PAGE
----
Venture capital/start-up funding . Most of the successful distance and online learning programs were started with seed money/development money from one or many sources, including grants, central administration, and state initiatives. Another strategy is to partner with another business entity.

Operational funding. Institution-wide distance and online learning organizations, occasionally morphed from historical correspondence organizations, tend to be cost centers and thus assume responsibility for a wide array of services and support targeted at the online learner. The trend toward reliance on course management systems often means that the distance and online learning organization uses the central course management system and is assessed a fee for the staff and services of this part of the infrastructure.

Research and development funds. A successful funding model for distance/online learning programs often includes revenue sharing with deans and faculty while also providing sufficient revenue for all the elements of a quality support and learning organization. These elements include marketing, recruitment, admissions, registration and payment, orientation, records and advising, and technical and information resource access.

Revenue-sharing models at the central institutional level recognize the need to provide incentives to the faculty and deans of the colleges. The funding model at the University of Florida’s Distance, Continuing, and Executive Education (DCE) division illustrates this revenue-sharing model: 76 percent of revenue is used for marketing, operations, faculty, program support, and updating and program development; 14 percent supports the infrastructure services, and 10 percent is distributed to the college and department. This basic model is subject to change, depending somewhat on the amount of risk and development costs assumed by the college.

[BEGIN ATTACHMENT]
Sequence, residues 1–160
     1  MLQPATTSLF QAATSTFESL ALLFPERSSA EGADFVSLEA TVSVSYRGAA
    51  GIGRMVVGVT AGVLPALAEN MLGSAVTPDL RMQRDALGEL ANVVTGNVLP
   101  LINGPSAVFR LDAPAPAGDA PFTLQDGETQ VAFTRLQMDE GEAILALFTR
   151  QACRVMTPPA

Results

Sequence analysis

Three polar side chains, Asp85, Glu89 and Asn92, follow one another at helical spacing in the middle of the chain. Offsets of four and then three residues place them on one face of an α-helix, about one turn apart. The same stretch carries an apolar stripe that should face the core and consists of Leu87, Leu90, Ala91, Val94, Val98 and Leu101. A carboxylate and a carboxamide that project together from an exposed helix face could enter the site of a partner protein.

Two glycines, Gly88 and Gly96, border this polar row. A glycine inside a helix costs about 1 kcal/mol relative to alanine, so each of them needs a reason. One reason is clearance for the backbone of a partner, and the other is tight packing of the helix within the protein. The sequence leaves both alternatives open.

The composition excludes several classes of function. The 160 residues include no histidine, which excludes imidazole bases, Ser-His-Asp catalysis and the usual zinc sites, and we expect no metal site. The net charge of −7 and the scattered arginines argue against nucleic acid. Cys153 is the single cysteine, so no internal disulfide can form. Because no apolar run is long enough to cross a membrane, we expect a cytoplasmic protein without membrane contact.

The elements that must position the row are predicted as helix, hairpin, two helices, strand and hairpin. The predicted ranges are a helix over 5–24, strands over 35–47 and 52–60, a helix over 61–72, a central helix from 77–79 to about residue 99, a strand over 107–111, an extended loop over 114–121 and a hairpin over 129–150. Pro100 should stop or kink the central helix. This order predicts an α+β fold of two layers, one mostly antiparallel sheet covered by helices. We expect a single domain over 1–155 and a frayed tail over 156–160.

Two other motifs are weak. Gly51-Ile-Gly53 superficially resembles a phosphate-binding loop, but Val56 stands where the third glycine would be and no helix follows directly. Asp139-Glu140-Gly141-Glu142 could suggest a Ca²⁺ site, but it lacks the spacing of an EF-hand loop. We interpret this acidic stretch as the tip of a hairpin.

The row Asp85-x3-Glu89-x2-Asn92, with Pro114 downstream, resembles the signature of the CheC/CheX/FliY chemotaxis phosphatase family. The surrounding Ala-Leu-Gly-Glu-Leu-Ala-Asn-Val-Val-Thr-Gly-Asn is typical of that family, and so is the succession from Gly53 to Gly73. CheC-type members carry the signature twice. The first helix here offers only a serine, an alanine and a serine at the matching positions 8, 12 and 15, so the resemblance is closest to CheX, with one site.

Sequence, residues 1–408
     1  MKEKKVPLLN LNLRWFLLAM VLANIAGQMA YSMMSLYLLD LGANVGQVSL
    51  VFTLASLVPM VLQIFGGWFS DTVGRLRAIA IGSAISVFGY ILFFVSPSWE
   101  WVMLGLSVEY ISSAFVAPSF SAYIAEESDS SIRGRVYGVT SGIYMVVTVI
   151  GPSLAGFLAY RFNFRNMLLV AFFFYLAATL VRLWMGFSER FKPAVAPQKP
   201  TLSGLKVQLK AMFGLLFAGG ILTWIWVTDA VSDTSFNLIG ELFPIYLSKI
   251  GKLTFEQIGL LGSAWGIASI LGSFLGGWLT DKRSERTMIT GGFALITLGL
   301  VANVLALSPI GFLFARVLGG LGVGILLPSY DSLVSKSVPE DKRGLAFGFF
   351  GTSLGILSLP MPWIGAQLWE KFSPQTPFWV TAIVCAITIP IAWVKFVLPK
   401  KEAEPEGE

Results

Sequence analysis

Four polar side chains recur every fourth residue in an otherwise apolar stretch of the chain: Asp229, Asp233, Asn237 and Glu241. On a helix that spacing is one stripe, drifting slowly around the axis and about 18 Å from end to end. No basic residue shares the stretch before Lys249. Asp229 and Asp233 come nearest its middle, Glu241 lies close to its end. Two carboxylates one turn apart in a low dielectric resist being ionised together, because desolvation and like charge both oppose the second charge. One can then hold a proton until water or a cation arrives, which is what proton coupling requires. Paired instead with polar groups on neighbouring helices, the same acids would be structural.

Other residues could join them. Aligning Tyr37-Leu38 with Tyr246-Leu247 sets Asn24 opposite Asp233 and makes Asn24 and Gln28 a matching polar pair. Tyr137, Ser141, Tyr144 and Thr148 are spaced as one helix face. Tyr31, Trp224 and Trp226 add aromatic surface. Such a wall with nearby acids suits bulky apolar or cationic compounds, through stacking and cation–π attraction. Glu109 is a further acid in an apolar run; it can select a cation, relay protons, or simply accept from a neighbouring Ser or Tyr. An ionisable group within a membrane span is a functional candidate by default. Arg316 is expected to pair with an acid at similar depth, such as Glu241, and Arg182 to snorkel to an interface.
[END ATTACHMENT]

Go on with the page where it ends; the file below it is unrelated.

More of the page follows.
Any successful and sustainable funding model must include provision for the revision and updating of existing programs and investment in new programs. Yet this is the portion of the budget that is increasingly squeezed and faculty and colleges are often asked/expected to produce products and services without reasonable compensation or with appropriate training and support.

What Next?

Online learning as a significant growth area within non-profit higher education sector is a given. The funding models and organizations committed to online learning must embrace the move from subsidized programs to self-sustaining programs based on good business practices as well as quality academic practices. How well quality programs are delivered at what cost and what return providing for reinvestment are some of our future challenges and opportunities. Thanks to all those who took the time to share their ideas and experiences.

Check These Resources

“eLearning: Are We Making Money?” Judith V. Boettcher, Campus Technology, Aug. 2005, http://campustechnology.com/article.asp?id=11507

“What Do We Need To Learn About the Business of Education?” Stephen Schiffman, Elements of Quality Online Education: Engaging Communities, John Bourne and Janet C. Moore, eds. Sloan-C Consortium, 2004, http://www.sloanconsortium.org/sloancseries-order/vol6_web.pdf

“Business Models for Online Learning: an Exploratory Survey,” Karen Vignare, Christine Geith, and Stephen Schiffman, Journal of Asynchronous Learning, Sloan-C Consortium, May 2006, http://www.sloan-c.org/publications/jaln/v10n2/v10n2_5vignare.asp

Judith V. Boettcher is an independent consultant specializing in online and distance learning and the applications of new media.